An elephant-like mastodon were found in 1991 in a gypsum quarry north of Halifax, near Milford. (Photo by THE CANADIAN PRESS)

An elephant-like mastodon were found in 1991 in a gypsum quarry north of Halifax, near Milford. (Photo by THE CANADIAN PRESS)

Mastodons: Nova Scotia was home to hairy, elephant-like creatures 80,000 years ago

Paleontologists worked for eight months to unearth a trove of fossils

HALIFAX — The remains of a massive, woolly beast that once trod on the land that would become Nova Scotia will go on display this weekend at the Museum of Natural History in Halifax.

Curator of geology Tim Fedak says the bones, teeth and a tusk from an elephant-like mastodon were found in 1991 in a gypsum quarry north of Halifax, near Milford.

“They were cleaning out this muddy layer and the excavator operator happened to notice … what looked link chunks of tusk and teeth,” said Fedak. “Then they called the museum.”

Gypsum is among the minerals left behind after an ancient ocean evaporates. As it is susceptible to erosion from water, gypsum deposits can be laced with tunnels, caves and sinkholes.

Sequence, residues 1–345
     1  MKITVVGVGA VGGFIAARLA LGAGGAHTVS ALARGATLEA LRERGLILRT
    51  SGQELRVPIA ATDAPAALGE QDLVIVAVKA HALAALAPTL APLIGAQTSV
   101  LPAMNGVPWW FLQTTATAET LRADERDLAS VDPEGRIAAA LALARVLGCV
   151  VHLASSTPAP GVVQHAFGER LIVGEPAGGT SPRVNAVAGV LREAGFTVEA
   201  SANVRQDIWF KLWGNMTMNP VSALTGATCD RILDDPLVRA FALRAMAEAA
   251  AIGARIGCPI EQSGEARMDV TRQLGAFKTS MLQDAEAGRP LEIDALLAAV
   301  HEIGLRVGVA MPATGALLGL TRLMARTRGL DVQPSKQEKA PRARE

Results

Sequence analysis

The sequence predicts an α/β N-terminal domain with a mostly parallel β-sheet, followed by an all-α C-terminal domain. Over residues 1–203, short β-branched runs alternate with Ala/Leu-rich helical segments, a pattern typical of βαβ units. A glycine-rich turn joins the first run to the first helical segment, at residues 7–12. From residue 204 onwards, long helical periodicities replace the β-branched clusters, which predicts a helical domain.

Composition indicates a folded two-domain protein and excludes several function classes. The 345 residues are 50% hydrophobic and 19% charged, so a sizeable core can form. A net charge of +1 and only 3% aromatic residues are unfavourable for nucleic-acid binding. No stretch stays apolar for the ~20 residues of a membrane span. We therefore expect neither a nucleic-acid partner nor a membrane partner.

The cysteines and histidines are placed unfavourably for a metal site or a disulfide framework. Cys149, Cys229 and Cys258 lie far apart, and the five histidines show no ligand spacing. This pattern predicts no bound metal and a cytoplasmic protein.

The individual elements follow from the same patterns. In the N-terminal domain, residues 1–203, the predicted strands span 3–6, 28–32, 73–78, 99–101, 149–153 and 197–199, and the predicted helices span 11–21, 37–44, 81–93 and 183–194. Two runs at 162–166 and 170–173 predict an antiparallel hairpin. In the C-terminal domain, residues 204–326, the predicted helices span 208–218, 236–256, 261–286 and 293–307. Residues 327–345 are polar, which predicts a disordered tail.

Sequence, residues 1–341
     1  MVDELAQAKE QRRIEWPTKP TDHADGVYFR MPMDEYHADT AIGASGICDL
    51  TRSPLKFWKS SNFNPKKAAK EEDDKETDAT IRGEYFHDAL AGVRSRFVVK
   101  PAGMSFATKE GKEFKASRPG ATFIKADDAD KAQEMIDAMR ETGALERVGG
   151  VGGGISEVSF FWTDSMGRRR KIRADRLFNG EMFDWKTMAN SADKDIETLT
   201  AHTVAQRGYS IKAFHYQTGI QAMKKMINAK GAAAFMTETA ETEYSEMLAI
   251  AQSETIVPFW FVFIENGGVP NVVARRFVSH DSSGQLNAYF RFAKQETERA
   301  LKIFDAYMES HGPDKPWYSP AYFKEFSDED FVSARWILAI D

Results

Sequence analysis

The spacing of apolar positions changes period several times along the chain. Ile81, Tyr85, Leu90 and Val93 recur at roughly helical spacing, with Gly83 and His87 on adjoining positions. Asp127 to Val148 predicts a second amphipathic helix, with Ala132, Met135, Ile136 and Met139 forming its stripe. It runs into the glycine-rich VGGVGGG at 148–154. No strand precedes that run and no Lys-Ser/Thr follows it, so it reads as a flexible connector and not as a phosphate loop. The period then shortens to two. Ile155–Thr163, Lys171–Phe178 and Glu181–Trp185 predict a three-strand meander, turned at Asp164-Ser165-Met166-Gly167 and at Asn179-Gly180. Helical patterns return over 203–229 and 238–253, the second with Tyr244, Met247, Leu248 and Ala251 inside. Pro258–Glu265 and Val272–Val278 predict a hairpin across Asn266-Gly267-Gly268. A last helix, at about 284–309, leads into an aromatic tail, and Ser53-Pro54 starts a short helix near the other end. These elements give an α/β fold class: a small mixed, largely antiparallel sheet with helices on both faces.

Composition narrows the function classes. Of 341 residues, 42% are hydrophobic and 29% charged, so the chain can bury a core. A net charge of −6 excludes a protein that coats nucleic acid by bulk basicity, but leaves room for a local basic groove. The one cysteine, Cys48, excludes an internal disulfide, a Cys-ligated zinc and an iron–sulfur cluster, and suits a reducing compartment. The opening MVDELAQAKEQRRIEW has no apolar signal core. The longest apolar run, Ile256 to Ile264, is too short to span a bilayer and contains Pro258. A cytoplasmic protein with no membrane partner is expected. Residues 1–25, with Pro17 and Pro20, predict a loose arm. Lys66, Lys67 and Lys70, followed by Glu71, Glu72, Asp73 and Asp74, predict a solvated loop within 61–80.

“Our mastodon was probably coming along and having a drink and fell into the sinkhole,” said Fedak. As glaciers returned to the area, the mastodon’s body was covered by oxygen-starved muck. “It was protected by this muddy archive.”

The paleontologists who exhumed the remains worked for eight months to unearth a trove of fossils, including ancient turtles, frogs, plants and even some mastodon dung.

“We’re coming to understand that these sinkhole deposits are really a unique opportunity to get a glimpse of ancient ecosystems,” Fedak said, adding that analysis of the dung revealed the mastodon had died in the autumn.

Using a technique known as electron-spin resonance, researchers determined the remains were 80,000 years old, which means the giant creature died before the last of the ice age glaciers covered the province with ice up to two kilometres thick.

The Age of the Mastodon exhibit opening Saturday will also feature a full, mounted skeleton, which is a composite of previous finds from other parts of the world.

Mastodons were slightly smaller than elephants, measuring about three metres at the shoulder, and their range extended from Alaska and Yukon to central Mexico, and from the Pacific to Atlantic coasts.

One of the largest of the ice age mammals, mastodons were partial to Nova Scotia’s spruce woodlands and marshes.

The exhibit in Halifax will remain on display until January of 2023, and it will then be taken on a tour of the province.

This report by The Canadian Press was first published Feb. 25, 2022.

Nova Scotia